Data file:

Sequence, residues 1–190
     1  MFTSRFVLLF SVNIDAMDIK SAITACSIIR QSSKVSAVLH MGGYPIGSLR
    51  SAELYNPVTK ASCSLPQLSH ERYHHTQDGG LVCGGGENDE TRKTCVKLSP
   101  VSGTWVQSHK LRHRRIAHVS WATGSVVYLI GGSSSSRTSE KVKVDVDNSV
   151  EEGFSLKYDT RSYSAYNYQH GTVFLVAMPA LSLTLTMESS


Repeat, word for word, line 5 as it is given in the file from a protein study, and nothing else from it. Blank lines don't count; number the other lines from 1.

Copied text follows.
   151  EEGFSLKYDT RSYSAYNYQH GTVFLVAMPA LSLTLTMESS